Poor performances are extremely rare for Rafael Nadal on clay but this early in the clay court season, is it a concern?

Friday night in Monte-Carlo concluded with a surprise exit from Rafael Nadal but an even more surprising performances from the eleven time champion, I’d go as far to say one of the most confusing I’ve seen on a clay court.

Against Delbonis and Dimitrov he was sharp, with respect against Dimitrov he was helped out by the flurry of errors from the Buglarian but the amount he produced on Friday was a concern.

There are always two stories to a match and it big credit to Andrey Rublev for the way he played on Friday night, that for me was his biggest win, he’s set the trend this year but after a slip up in Miami this performance and the sheer power generated through his forehand showed he’s got what it takes to compete at the highest level.

It was the first time in his career that Rafael Nadal lost a match in three sets at Monte-Carlo, especially after winning the second set the third set collapse was surprising but as was the struggle on serve.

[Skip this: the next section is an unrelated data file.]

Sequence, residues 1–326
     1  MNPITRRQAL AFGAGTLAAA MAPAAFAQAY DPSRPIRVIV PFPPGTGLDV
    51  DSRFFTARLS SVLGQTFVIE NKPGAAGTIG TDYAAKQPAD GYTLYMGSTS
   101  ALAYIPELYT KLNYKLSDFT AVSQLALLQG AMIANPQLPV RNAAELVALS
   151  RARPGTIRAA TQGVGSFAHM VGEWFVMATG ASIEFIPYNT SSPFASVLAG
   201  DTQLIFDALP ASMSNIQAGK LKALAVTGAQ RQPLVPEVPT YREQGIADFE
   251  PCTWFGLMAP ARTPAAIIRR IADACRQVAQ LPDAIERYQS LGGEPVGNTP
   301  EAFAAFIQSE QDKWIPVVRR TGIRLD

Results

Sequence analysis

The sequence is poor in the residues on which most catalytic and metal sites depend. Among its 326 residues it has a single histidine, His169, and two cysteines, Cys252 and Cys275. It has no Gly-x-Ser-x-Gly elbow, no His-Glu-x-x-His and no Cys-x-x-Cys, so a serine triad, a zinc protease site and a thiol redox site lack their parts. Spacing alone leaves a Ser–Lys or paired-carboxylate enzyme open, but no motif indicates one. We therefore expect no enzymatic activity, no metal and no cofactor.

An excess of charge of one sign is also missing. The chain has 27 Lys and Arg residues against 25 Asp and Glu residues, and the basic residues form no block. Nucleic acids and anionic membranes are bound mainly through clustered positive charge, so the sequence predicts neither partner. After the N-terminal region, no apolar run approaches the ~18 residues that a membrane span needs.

He finished the match with:

1st Serve In: 59%
1st Serve Points Won: 56%
2nd Serve Points Won: 42%

All of these are about 10-20% below his average on clay throughout the last few years, only twice in his career in best of 3 or 5 set matches has Rafa hit eight or more double faults in a match which is pretty astonishing anyway but Rafa hit seven which is unusually high.

Rafael didn’t hit too well on his groundstrokes, a lot of shanks and the backhand lacked bite. The net clearance on the backhand was extremely high, he didn’t hit through the ball but got underneath it.

These unusual performances are extremely few and far between and I don’t think it is a major time to panic but what led to a performance which left you thinking, ‘woah, what happened there?’

Is the lack of matches a problem since the Australian Open, whether it is on clay or not after two months without playing it is difficult to get back in the groove. This is the time of year we wax lyrical over the Spaniard record in Monte-Carlo, Barcelona, Madrid and Rome but in all seriousness the real show we waiting for the performances to fall into play is Paris.

Is it time to worry? Not at the moment, this next week in Barcelona should hopefully help settle things and then Madrid and Rome will be targets for him but if more of these performances sneak in over the next few weeks then could we see the Roland Garros title change hands in Paris?

Remember in 2019…

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